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Oh Mexico City International Airport – – – Look up in the sky! Is it an airplane? No. Is it Superman? No. It’s a Bird! A bird of prey, a raptor, a falcon or hawk to be exact!
According to Mexico News Daily, raptors are being used to patrol the skies over Mexico City – seven predator birds deployed at the busiest airport in Latin America to prevent “bird strikes,” hazardous collisions between birds and planes that can have dangerous and even catastrophic consequences.
Apparently, birds of prey, such as these peregrine falcons (two of whom are named Ilse and Madison), soar in 2-hour shifts. Other birds, which could potentially cause bird strikes are scared of these predators and fly away thus avoiding a potentially hazardous collision between a plane and birds.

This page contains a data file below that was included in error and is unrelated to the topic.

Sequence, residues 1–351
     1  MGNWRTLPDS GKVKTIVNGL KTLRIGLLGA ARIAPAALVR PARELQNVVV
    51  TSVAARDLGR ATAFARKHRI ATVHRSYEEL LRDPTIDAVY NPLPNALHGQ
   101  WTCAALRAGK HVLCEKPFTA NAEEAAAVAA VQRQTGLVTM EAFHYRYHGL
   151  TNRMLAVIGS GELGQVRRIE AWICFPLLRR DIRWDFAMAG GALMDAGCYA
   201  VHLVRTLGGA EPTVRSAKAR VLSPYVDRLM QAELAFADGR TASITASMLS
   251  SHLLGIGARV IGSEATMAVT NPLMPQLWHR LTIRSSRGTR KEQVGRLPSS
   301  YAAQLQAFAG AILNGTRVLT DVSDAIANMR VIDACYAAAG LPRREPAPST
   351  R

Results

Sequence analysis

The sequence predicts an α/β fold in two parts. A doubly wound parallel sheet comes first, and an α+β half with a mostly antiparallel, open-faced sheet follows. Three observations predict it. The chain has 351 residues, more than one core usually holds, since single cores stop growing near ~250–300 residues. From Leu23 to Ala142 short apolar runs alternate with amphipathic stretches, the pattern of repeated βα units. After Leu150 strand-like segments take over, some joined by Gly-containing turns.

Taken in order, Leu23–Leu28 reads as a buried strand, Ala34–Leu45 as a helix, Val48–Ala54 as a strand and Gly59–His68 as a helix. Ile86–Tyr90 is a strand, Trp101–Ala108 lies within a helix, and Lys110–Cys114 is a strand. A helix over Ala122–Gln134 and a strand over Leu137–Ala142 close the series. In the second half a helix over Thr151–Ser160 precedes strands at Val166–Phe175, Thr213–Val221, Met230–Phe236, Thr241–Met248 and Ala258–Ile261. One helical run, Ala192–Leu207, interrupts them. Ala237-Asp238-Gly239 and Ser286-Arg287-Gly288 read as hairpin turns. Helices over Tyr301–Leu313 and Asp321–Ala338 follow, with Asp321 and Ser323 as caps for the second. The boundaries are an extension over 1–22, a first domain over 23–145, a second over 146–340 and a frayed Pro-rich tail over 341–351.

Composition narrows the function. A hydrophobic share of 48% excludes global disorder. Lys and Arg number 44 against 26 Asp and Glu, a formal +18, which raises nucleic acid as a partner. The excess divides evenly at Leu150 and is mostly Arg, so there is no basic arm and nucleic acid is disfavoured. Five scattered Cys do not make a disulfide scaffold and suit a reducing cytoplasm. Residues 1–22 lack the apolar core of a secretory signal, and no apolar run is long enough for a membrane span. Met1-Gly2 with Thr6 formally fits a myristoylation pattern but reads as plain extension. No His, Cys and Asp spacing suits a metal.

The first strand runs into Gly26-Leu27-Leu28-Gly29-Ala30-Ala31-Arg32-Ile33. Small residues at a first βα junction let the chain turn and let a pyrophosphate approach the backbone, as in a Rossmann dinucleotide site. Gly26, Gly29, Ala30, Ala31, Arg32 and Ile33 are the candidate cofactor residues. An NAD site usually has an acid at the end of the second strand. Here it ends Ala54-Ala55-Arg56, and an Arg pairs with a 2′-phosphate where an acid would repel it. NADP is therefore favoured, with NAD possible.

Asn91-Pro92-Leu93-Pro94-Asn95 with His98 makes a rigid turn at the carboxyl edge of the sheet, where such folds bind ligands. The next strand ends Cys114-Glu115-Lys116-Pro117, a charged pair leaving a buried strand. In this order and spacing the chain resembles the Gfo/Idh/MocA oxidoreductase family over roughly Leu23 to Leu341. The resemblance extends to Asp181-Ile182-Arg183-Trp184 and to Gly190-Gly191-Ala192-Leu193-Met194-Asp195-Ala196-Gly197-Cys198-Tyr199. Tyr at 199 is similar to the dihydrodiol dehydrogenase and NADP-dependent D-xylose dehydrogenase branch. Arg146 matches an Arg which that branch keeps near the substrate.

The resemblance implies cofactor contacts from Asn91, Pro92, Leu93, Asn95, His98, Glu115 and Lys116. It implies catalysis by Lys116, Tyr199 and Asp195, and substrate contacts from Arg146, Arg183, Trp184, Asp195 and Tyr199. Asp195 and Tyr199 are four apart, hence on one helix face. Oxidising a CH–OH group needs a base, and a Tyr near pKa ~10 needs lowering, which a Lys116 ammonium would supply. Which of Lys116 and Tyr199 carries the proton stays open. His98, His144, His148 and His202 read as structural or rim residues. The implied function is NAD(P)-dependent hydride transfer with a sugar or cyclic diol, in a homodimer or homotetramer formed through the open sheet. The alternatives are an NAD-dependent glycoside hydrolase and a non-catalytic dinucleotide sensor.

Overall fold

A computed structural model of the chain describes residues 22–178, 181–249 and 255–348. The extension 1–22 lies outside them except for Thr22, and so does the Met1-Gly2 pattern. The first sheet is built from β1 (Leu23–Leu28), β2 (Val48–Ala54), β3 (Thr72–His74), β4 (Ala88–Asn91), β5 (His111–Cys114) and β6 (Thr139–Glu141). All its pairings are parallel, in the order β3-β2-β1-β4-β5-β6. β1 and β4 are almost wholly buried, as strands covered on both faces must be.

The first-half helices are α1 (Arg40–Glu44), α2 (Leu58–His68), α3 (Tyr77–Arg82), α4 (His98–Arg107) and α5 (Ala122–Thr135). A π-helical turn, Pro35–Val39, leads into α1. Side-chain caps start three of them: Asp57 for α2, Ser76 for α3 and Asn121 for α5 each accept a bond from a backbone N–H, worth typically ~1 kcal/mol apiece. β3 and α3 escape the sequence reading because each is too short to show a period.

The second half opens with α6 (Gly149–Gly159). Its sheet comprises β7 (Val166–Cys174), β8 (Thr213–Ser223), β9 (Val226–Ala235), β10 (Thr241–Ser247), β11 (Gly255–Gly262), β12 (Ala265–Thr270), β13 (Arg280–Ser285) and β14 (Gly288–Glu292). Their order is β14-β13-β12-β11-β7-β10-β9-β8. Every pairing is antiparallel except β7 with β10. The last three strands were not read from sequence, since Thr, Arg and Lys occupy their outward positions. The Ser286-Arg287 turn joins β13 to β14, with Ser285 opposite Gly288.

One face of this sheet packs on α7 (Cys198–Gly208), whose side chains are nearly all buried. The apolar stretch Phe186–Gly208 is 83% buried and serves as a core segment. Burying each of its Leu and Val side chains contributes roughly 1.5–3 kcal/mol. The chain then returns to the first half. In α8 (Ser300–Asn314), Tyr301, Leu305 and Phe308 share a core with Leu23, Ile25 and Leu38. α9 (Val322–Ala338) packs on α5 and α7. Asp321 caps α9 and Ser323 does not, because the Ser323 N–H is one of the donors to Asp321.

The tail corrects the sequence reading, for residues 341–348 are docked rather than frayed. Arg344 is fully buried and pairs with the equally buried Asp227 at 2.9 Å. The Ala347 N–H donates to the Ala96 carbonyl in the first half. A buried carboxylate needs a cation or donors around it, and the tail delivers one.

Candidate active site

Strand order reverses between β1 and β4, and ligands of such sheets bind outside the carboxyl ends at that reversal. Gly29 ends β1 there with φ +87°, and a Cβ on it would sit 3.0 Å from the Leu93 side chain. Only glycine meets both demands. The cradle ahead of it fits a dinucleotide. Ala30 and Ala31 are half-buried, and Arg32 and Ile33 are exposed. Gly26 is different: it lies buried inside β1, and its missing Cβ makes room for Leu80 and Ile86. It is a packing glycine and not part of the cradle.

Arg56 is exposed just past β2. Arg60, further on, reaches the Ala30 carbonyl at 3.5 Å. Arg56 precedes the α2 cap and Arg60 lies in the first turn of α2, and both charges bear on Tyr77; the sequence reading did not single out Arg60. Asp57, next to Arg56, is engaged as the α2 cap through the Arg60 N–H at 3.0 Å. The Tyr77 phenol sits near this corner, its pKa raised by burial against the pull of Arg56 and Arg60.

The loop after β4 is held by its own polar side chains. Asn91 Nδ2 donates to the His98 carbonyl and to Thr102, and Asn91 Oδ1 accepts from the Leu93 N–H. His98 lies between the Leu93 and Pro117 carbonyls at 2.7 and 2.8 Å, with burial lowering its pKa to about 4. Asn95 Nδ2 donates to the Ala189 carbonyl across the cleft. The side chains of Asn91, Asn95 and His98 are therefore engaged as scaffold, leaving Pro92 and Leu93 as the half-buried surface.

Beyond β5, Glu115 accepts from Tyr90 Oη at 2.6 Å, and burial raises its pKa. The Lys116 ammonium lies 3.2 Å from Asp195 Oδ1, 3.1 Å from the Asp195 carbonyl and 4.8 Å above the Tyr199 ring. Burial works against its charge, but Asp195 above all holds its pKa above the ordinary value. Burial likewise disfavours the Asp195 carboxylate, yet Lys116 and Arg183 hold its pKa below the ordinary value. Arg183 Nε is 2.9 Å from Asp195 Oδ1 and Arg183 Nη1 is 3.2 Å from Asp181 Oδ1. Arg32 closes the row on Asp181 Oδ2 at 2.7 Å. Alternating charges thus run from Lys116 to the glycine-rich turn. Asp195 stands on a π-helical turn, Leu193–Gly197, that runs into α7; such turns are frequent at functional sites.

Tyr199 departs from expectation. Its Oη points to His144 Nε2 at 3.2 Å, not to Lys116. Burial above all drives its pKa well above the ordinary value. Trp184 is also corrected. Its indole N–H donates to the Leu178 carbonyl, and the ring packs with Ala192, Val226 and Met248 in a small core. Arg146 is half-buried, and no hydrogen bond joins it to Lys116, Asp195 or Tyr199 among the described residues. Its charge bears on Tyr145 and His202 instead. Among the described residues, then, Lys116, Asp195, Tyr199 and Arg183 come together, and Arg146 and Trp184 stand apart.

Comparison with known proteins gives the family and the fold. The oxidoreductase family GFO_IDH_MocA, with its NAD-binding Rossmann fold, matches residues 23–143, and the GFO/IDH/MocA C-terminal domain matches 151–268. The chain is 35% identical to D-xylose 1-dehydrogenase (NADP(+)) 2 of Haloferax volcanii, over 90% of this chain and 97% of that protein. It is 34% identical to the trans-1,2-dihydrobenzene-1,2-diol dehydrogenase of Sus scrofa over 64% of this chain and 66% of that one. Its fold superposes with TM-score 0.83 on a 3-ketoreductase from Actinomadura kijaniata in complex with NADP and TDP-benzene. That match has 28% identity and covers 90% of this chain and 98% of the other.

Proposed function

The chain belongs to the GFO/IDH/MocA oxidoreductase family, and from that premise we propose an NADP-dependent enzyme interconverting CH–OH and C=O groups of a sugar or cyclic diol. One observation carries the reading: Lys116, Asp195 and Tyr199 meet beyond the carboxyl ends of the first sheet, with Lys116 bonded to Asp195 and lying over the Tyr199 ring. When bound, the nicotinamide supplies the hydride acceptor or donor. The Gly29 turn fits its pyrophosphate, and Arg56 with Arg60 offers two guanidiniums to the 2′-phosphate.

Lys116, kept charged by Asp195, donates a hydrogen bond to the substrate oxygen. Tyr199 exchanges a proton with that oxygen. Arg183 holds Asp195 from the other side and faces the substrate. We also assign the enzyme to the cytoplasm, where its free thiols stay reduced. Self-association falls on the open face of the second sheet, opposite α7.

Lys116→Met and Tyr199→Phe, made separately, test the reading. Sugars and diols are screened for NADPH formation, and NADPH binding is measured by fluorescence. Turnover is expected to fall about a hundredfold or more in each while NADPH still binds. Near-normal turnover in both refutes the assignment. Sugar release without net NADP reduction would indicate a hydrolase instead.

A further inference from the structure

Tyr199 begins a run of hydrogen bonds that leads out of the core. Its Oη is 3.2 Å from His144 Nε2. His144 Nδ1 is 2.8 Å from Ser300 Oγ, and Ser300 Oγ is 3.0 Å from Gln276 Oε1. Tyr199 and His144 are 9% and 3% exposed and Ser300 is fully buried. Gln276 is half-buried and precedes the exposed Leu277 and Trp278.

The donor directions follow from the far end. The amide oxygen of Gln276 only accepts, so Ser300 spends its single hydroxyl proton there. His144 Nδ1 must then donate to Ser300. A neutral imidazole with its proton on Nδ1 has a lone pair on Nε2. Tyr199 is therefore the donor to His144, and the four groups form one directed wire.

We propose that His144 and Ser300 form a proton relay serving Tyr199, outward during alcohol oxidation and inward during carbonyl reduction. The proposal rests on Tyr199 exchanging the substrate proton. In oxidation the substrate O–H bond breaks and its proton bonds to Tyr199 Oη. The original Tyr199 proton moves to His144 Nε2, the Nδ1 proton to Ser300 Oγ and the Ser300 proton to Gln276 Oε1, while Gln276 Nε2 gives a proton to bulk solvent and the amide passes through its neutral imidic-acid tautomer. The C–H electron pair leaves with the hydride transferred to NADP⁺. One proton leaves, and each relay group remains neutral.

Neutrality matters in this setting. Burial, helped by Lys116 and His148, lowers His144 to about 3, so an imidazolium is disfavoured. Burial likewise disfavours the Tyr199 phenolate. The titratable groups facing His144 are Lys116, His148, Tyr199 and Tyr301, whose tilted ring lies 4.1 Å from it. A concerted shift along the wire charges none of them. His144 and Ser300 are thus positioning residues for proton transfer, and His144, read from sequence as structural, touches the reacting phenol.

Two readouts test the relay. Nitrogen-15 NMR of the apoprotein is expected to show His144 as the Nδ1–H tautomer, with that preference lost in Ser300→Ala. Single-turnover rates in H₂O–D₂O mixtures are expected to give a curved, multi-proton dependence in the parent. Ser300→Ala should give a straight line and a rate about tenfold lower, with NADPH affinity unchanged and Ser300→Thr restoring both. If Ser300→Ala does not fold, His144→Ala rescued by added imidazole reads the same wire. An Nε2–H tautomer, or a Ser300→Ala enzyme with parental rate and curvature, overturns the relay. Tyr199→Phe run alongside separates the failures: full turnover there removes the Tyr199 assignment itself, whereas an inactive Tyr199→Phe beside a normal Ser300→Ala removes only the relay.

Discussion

Prior to 2014, they were allowed to swoop down and kill their prey but stricter environmental regulations mean the birds are now trained only to intimidate their prey to keep them away.
If the birds ever did feed on a protected bird species, the handlers could be fined, Flores said.
Along with the peregrine falcons are Panchito, a blue-gray aplomado falcon, and three Harris’s hawks.
On the ground, meanwhile, is yet another team helping secure the airport. Trained dogs chase birds away from the ground between runways.
Well that’s interesting . . . in a scary, creepy kind of way.
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